Data from the ONS and OBR points to a tick-shaped not a v-shaped recovery, says Construction Products Association’s Rebecca Larkin
With the latest pile of Office for National Statistics (ONS) data comes confirmation of the extent to which the coronavirus lockdown impacted the economy and construction. For the three months to May, the UK economy contracted by a record 19.1%. Not surprisingly, the main hit was in April, when gross domestic product (GDP) registered a 20.4% fall in the single month. But, even as lockdown restrictions began to be lifted in May, the economy only regained 1.8%. Expectations were for over 5% growth.
In previous recessions, construction output has fallen three times more than GDP on average. This time, the nature of the enforced shutdown that widely affected retail, hospitality, and education meant that the services sector accounted for 15 percentage points of that 19.1% drop in GDP.
That is not to distract from the significant impact of lockdown on construction, however, which suffered the largest sectoral decline of 29.8% over March, April and May.
It is important to note that the ONS collects this data through a survey of contractors, so only those who were still active during the lockdown would have been able to respond. Over a quarter of construction firms reported a temporary pause in their activity in the first four weeks of lockdown, which means this fall in activity is likely to be an underestimate.
Recovering the lost ground is unlikely to be as quick as the speed it was lost
While this backward-looking data now fills in some of the blanks about the initial impact of the lockdown, it is perhaps more pressing for the industry to look forward to the shape of the recovery to come. Recovering the lost ground is unlikely to be as quick as the speed it was lost and most macroeconomic forecasters project that it will take until 2022 for the economy – and construction – to return to pre-coronavirus levels of activity.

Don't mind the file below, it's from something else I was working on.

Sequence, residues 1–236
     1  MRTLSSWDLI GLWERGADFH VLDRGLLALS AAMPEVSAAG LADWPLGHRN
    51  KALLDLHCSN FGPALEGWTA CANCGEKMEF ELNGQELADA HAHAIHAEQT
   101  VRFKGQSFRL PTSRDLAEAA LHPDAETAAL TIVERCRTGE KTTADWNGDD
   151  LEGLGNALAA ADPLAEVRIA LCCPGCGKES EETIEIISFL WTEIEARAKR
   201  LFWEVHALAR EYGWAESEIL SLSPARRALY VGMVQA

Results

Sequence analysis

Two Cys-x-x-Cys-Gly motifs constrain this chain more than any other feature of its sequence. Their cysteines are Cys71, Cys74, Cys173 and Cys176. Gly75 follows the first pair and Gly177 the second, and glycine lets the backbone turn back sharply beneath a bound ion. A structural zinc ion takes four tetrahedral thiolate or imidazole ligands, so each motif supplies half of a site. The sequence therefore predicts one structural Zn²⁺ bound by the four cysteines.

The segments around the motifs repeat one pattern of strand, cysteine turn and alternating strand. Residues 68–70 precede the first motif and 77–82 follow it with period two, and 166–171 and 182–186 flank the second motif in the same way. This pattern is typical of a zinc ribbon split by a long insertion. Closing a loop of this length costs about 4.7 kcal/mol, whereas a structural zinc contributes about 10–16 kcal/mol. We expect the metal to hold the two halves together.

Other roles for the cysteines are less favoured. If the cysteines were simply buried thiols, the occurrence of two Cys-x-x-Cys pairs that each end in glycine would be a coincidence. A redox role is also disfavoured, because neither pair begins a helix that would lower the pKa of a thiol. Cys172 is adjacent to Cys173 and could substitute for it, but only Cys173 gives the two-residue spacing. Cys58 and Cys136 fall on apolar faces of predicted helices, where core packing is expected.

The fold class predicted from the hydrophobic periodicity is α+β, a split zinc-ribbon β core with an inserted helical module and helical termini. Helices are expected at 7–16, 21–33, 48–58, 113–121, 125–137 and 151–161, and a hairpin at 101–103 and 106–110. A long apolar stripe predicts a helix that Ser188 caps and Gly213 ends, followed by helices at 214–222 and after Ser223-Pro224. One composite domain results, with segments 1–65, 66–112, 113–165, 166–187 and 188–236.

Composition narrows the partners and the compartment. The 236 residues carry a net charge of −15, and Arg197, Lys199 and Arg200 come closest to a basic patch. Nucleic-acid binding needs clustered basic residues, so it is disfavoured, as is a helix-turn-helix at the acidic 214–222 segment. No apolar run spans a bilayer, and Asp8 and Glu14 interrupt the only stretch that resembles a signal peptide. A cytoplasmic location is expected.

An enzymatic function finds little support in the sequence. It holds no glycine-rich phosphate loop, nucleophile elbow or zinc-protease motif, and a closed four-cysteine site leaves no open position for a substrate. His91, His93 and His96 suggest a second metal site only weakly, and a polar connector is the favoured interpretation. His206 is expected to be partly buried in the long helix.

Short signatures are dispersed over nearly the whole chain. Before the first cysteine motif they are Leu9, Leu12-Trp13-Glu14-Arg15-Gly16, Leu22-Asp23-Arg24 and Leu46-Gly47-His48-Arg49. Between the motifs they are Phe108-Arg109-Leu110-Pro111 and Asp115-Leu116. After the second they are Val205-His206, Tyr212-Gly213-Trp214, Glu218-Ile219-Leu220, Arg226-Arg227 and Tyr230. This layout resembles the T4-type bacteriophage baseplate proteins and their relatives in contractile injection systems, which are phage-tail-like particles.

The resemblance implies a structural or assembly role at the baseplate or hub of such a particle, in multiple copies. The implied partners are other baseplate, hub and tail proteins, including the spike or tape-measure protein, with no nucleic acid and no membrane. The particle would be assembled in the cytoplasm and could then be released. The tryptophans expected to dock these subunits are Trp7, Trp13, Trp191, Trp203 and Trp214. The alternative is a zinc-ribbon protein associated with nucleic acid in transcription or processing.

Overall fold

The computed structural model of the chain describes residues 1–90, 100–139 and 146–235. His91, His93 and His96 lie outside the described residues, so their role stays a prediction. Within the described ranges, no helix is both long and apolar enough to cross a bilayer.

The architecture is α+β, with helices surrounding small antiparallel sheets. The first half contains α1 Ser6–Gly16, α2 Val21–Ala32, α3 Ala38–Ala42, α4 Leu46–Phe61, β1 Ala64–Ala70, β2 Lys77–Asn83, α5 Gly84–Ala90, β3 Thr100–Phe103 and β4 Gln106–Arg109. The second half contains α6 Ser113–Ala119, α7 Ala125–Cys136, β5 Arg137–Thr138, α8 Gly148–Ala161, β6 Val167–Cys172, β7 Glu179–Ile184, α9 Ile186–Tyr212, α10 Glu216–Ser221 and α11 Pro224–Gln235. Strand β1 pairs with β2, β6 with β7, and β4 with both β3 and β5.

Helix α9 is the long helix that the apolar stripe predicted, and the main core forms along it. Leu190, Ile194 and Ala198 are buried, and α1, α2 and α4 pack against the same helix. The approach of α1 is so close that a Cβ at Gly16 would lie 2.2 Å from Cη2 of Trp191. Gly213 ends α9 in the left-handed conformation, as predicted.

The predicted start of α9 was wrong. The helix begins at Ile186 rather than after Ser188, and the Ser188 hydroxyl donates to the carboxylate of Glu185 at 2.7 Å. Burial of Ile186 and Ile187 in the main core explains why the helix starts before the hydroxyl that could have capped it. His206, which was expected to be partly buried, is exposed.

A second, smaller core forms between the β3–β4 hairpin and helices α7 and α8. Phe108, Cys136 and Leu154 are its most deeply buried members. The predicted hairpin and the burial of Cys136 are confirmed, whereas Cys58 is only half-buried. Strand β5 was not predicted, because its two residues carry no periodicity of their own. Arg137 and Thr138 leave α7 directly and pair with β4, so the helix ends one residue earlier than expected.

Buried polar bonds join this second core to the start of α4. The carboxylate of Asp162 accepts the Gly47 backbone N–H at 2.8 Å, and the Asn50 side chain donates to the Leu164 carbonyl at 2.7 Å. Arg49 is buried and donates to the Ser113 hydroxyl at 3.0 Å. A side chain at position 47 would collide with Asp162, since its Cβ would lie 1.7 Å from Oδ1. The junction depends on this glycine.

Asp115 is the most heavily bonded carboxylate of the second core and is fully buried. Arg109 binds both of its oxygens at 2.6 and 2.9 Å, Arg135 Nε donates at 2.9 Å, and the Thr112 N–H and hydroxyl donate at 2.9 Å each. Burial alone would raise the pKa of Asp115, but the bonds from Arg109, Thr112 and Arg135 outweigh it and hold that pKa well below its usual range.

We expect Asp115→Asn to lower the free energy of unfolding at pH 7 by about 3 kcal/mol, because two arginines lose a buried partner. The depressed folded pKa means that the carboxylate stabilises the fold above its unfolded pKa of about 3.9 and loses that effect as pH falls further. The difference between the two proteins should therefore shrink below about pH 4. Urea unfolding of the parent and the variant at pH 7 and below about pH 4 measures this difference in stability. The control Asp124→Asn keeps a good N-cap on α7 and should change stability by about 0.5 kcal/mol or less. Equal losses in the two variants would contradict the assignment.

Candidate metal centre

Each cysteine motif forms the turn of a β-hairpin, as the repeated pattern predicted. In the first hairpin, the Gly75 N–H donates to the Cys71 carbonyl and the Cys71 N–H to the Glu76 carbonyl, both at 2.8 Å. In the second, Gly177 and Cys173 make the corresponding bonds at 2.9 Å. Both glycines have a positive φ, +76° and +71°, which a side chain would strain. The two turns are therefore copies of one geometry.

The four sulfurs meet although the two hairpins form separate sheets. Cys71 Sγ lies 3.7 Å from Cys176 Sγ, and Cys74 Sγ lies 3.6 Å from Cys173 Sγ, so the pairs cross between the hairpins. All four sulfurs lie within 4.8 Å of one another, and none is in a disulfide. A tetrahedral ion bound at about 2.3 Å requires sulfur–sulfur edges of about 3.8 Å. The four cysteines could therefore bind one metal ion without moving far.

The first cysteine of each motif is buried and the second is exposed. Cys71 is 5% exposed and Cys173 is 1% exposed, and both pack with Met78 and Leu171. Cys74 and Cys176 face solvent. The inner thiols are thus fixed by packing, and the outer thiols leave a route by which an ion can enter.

This week, the Office for Budget Responsibility (OBR) concurred in its updated assessment of economic prospects. Its initial scenario published in April had previously stood out as being on the optimistic side, with the economy rapidly shrugging off the pandemic’s effects by the end of this year.
What has remained a concern in their scenario, however, is the potential for a significant spike in unemployment. The government’s large package of mitigation measures has helped avoid large-scale redundancies, bankruptcies and liquidations as businesses temporarily closed. As these schemes wind down, though, the economy will still be near the bottom of its climb back up.
What has remained a concern is the potential for a significant spike in unemployment
The OBR’s most optimistic recovery scenario envisages the unemployment rate reaching 9.7%; in its central scenario, the peak of unemployment at 11.9% coincides with the end of the Coronavirus Job Retention Scheme and its assumption that 15% of the 9.4 million jobs that have been furloughed since the launch of the scheme in April will be lost. This implies a short, sharp rise in the unemployment rate from 3.9%, where it was at the start of the year. After the 2008/09 recession, unemployment peaked at 8.5% but took a couple of years to get there.
It appears that the labour market will create a near-term bump in the road to recovery for the economy and construction. The government’s extensive fiscal support will take net borrowing to £322bn for the current financial year, representing the highest peacetime level in over 300 years. As the OBR points out, a return to austerity will be inevitable in the longer-term because once we do get back to the good times, the expenditure during the bad times will need to be recouped.
Rebecca Larkin is the senior economist for the Construction Products Association